I read an article yesterday that said 18-24 year olds were more or less color-blind. The person quoted, who was my age, said that rather than determining ethnicity or what drives them spiritually or culturally, that their bonds are created based on shared values. Hmm…Sounds good on the surface, but is that the world we want to live in? And where are the “values” coming from if not from spirituality or culture?
As I sat and pondered on this “evolution” in our thinking, I started to wonder if we had perhaps missed something on our way to creating this colorless world. On the one hand I’m delighted that this generation has discovered that common values are infinitely more important than skin color. On the other hand, I’m disappointed that we had to be struck blind to achieve it.
This may sound strange, but with a God who likes variety why do we feel the need to all be the same? Will we ever learn that different does not mean deficient? Rather than trying to achieve a color-blind society why not strive for a tolerant and respectful society that celebrates our colorful world?
Beautiful people are everywhere. It’s not just their external skin color ranging from alabaster to ebony that makes them so gorgeous, but also their inner qualities developed as a result of their culture and spirituality. You see…It’s our differences that make us each unique, fascinating, and powerful. But it’s our respect and acceptance of each other that makes us collectively, unstoppable. Click To Tweet
I don’t believe we have to be color-blind to be conscientious citizens. For true progress isn’t in not seeing color, but rather in seeing color and not judging based upon it. That is when we will have evolved into better human beings.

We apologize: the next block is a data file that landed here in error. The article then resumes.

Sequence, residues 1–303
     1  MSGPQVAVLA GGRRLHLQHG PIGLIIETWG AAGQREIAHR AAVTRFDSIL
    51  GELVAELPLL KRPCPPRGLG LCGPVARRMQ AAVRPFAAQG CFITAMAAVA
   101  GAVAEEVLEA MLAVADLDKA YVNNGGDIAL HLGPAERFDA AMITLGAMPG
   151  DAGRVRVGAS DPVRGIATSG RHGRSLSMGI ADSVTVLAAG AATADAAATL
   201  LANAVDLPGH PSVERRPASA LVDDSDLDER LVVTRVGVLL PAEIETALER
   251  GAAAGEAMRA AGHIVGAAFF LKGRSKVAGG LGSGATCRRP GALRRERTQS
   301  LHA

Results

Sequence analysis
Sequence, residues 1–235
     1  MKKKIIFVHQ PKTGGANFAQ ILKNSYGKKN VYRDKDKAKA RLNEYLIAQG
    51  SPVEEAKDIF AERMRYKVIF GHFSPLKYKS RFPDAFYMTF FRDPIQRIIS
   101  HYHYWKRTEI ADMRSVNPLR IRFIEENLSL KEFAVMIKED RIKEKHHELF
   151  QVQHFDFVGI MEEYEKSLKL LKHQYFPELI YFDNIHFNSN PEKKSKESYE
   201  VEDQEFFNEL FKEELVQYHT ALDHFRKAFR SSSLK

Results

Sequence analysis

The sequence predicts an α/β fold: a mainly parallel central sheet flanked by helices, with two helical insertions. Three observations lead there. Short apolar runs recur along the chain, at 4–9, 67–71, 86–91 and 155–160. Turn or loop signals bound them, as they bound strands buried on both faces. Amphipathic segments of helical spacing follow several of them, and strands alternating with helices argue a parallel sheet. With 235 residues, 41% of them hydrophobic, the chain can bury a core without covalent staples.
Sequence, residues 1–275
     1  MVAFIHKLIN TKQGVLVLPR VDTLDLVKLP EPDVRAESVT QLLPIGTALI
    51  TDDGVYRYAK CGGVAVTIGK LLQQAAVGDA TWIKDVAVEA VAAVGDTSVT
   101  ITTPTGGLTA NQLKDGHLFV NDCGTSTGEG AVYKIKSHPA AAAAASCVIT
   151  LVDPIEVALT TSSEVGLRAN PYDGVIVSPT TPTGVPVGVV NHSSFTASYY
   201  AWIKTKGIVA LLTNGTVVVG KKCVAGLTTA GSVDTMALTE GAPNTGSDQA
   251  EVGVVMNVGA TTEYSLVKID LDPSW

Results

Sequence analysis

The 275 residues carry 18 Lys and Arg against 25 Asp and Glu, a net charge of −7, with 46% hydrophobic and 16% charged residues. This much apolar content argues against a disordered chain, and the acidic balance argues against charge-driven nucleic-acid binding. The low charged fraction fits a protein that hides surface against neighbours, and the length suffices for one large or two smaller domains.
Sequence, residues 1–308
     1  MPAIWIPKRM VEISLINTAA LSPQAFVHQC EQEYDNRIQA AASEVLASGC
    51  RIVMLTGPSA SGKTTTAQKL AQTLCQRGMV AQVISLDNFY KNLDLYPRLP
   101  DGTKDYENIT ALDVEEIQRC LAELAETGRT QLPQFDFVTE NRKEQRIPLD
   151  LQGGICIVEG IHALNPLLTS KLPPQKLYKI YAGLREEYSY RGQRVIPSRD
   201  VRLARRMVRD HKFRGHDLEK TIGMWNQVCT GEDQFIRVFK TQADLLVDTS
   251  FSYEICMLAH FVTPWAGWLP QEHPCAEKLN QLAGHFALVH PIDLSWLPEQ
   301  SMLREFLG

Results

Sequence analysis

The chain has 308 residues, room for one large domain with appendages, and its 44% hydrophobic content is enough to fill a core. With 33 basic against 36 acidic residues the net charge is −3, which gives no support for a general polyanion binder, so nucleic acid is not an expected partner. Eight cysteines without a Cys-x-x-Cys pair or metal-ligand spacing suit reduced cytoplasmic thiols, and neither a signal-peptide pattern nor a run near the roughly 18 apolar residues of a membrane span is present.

Thinking more on it, I’m not sure he’s right about this group of young people. In my humble opinion, I’d say that this is the generation that will propel us forward in truly seeing the individual – live and in Technicolor. It’s not about all being the same color, but rather all the colors being on the same page. Being “blind” is not an option for them, because each person – along with their unique color – adds something to their picture of the world.
Perhaps it is us – those of us who birthed this generation – that have yet to advance in our thinking. Do we describe them as color-blind because that is the only way we can understand their new norm? Are we the ones still stuck in seeing color purely as the shade of our skin? Mayhap it’s time we let some things go so we can grow.
Like the rest of nature we are born to be colorful, radiating the spectrum of God’s glory. Our “color” is more than the hue of our skin. It is the essence of ourselves that shines through for the world to see and celebrate.
So back to the original question – is this the world we want to live in? For me, I want to share values and see color. I want to celebrate differences without judging for deficiencies. I want to acknowledge the power of the individual and the dynamic force of many. I want to use the big crayon box to color our world.
So tell me what you think! Agree or disagree, I’d love to hear your thoughts and comments so we can learn and grow together.
Loving on Me as I Love You! ❤